• Thursday July 9,2020

Histology

We explain what histology is and the topics that this discipline studies. In addition, plant histology, animal and importance.

The histology is also called anatomy microscopic or micro anatom a .
  1. What is histology?

Histology is a discipline that is part of biology and examines the tissues of organisms through a microscope to know their structure and functions. It is also referred to as microscopic anatomy or micro anatom a . The word histology comes from the Greek, histo which means weave and logos, which means knowledge .

Marcello Malpighi, an Italian anatomist and biologist, is considered the founder of histology for having been the first to examine living cells through a microscope in the early 17th century. Malpighi was the one who discovered the existence of small units within the tissues, called cells.

See also: Multicellular Organisms.

  1. What does histology study?

Histopathology serves to learn more about the possible causes of a disease.

Histology studies the microscopic structure of tissues, that is, complex clusters of organized cells to fulfill a certain function. The human being, for example, originates from the fusion of two cells: an ovule and a sperm. Both cells, in turn, then divide repeatedly to form new cells that make up the different tissues, organs and systems of the human body. Histological examinations allow us to know how the various components of the organism are organized, interrelated and functioning.

Histological exams provide important contributions to:

  • Histopathology It is the part of histology that examines tissue samples taken from a diseased organism to learn more about the possible causes of the disease and provide a more accurate diagnosis.
  • Forensic investigations and autopsies. The analysis of biological tissues, through special techniques, can clarify the causes of unexpected deaths and provide scientific evidence available to justice.
  • The arqueology. By examining the cells and biological tissues found in remains recovered from ancient societies, information about their history can be obtained.
  • The education. The basic histology techniques are taught in laboratory workshops to introduce students to the concept of microstructures of the different organisms.

From the general biology the existence of two groups of organisms is recognized: vascular plants (of the plantae kingdom) and animals (of the animal kingdom). From that distinction, histology is subdivided into plant histology and animal histology to categorize the different tissues.

  1. Plant histology

Adult tissues are composed of cells larger than embryonic.

Plant histology is the specific study of plant tissues that are classified into two types:

  • Meristematic or embryonic tissues. They consist of small cells that have a great capacity to multiply.
  • Adult tissues. They are those permanent or of duration in the plant and are composed of cells larger than the embryonic ones. These, in turn, can be:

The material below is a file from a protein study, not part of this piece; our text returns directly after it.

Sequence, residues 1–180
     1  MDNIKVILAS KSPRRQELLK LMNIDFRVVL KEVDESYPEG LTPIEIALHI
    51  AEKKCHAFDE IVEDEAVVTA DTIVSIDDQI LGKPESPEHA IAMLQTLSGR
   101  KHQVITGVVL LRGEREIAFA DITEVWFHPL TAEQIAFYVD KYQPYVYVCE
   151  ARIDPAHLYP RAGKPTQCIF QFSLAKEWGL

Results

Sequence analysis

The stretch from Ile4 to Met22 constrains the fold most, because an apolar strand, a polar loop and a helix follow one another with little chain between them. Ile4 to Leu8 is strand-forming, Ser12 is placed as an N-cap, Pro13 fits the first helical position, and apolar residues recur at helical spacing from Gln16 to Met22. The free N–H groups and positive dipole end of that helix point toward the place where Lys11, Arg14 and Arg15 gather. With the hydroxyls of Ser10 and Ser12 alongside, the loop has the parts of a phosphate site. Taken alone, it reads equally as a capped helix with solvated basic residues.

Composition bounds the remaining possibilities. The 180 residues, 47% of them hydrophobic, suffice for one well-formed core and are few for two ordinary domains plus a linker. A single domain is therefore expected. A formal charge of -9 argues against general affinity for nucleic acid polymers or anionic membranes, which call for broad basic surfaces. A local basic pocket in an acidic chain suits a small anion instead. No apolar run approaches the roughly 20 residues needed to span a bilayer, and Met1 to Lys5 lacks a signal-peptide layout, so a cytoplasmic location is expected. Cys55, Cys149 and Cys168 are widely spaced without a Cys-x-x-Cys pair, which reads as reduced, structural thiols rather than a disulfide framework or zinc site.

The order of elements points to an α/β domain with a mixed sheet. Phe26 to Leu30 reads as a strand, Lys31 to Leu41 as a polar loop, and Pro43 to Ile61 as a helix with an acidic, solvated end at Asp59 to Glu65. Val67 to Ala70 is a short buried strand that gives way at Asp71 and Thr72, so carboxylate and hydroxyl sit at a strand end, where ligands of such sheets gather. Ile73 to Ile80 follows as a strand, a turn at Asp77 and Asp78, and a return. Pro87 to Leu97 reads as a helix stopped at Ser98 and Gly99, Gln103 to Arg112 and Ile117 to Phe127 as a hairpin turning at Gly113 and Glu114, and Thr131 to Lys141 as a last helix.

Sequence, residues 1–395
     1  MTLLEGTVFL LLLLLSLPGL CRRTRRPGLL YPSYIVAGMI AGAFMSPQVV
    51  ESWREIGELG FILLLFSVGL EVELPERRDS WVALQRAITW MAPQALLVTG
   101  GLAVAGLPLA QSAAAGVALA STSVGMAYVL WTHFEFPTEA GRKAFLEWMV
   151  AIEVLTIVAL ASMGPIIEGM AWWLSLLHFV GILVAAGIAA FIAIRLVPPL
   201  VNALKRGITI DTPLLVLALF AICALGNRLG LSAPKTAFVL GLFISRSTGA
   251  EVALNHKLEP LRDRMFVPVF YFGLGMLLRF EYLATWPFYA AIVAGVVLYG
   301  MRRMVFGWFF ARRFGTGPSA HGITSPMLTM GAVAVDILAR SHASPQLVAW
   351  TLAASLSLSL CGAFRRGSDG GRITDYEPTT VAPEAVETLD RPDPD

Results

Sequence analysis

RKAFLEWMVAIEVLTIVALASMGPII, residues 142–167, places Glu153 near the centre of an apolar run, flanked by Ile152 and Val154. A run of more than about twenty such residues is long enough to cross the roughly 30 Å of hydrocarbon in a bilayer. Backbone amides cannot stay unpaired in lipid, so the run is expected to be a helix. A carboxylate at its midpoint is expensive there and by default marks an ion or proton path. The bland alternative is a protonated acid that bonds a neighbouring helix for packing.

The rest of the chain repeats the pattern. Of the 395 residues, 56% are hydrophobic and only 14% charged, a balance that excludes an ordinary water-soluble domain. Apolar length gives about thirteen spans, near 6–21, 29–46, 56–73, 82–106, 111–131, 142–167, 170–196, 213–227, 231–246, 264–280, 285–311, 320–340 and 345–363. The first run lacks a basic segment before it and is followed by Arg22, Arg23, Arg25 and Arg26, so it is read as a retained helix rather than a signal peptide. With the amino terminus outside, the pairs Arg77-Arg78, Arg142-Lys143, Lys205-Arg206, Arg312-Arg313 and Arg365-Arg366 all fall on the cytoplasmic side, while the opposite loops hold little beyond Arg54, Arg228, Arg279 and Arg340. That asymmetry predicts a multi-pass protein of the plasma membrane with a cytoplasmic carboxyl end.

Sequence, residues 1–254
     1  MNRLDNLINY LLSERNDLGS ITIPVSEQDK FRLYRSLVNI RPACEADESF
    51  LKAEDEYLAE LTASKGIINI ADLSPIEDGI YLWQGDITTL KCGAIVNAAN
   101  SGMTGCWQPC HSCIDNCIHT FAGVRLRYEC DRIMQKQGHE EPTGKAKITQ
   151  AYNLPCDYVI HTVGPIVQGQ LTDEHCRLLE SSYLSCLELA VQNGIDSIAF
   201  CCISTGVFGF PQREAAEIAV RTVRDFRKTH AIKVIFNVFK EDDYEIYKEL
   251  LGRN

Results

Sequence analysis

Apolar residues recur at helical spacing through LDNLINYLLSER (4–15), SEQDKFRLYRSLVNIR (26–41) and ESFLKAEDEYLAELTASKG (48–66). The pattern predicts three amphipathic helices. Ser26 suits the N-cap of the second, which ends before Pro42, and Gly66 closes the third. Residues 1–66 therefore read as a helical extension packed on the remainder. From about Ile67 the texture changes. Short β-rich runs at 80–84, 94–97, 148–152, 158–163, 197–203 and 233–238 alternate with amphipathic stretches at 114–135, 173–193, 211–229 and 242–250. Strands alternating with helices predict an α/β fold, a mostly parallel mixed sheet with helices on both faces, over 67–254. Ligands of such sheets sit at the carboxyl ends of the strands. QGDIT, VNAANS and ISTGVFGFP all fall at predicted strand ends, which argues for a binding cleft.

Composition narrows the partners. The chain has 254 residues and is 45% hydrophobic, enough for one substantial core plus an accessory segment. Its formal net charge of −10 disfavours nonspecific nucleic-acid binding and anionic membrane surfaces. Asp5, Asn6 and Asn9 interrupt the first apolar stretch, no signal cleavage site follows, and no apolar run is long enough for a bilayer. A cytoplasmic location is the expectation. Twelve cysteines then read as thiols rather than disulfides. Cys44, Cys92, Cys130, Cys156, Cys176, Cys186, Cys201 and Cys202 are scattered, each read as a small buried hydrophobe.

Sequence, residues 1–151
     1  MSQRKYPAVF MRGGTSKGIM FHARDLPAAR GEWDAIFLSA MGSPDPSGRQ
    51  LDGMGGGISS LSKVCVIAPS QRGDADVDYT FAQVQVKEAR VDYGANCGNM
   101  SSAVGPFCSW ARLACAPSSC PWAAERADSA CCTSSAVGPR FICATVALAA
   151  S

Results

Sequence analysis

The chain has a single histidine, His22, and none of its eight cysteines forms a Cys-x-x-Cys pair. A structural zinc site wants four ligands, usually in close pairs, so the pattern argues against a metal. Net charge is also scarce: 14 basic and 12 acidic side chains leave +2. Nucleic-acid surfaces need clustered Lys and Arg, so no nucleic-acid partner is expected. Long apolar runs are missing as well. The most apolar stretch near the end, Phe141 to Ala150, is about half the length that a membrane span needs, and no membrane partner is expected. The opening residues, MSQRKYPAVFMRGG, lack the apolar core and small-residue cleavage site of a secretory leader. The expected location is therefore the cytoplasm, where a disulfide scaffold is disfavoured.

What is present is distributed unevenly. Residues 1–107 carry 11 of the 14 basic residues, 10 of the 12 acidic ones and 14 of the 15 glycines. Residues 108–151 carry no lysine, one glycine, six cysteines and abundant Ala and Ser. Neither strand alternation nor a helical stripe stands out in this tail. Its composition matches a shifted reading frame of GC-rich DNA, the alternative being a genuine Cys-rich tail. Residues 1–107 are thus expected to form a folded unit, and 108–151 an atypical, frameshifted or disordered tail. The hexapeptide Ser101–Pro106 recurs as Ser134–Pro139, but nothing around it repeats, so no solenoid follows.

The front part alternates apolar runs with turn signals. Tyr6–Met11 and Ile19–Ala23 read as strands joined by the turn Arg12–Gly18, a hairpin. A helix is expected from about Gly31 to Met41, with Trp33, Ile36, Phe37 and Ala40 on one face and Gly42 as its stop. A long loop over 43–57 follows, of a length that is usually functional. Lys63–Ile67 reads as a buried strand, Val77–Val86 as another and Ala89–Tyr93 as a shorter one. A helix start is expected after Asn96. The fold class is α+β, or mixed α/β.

• Parenchymal tissues. They consist of cells that are responsible for the nutrition and accumulation of reserves.
    • Surface protection fabrics. They consist of cells that cover the plant and insulate it from the external environment.
    • Supporting fabrics or colquenchymes. They are composed of thick-walled and elongated cells that give the plant stiffness.
    • Conductive or vascular tissues. They are formed by cylindrical cells that join and form tubes or ducts, where nutrients circulate.
    • Secretory and excretory tissues. They are formed by cells that secrete substances from the plant, such as the resin of the pine trees.
  1. Animal histology

The connective tissues contain a viscous material that separates the cells from each other.

Animal histology studies the organic tissues of animals that, unlike the plant kingdom, have cells that form very diverse organisms in terms of their shape and function. Animal tissues are classified into four types:

  • Epithelial tissues. They constitute several layers of cells joined together that form a cell membrane that covers all surfaces of the organism (such as the epidermis, digestive and respiratory tracts) and internal cavities (such as arteries, veins and capillaries).
  • Connective or connective tissues. They contain cells in a varied way together with a viscous material that separates them from each other, called “intercellular substance”, which allows to join the other tissues to provide support and integration, for example, to adipose tissue, cartilaginous, bone and blood .
  • Muscle tissues. They are formed by elongated cells called "muscle fibers", which contain myofibrils capable of contracting and giving elasticity to the muscles. According to the form and type of contraction, the muscles are classified as skeletal, cardiac and smooth.
  • Nervous tissues. They are composed of cells called "neurons" that establish a complex connection system and have the ability to regenerate extremely slowly. They function as stimulus receptors (sensory neurons) to those that respond with nerve impulses (motor neurons) that propagate successively to other neurons (association neurons).
  1. Importance of histology

The study of histology allows to know the structure and function of the organs through the microscopic examination of the cells that make them up. The results of histological studies are key to medicine and biology, both to know the body's properties under normal conditions and to examine the presence of pathologies, their evolution and their possible diagnosis.


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